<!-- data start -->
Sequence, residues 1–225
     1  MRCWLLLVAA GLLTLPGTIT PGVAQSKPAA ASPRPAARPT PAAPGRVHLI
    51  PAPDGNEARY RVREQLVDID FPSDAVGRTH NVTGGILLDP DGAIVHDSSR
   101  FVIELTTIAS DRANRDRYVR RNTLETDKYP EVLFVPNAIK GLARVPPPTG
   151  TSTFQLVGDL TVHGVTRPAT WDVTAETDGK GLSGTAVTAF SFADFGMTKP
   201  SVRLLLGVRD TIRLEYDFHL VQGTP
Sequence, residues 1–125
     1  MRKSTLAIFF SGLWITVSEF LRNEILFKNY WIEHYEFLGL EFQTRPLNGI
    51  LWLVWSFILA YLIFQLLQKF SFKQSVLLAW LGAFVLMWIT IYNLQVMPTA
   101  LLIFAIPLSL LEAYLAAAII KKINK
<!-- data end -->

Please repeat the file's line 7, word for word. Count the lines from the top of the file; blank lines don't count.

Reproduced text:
Sequence, residues 1–125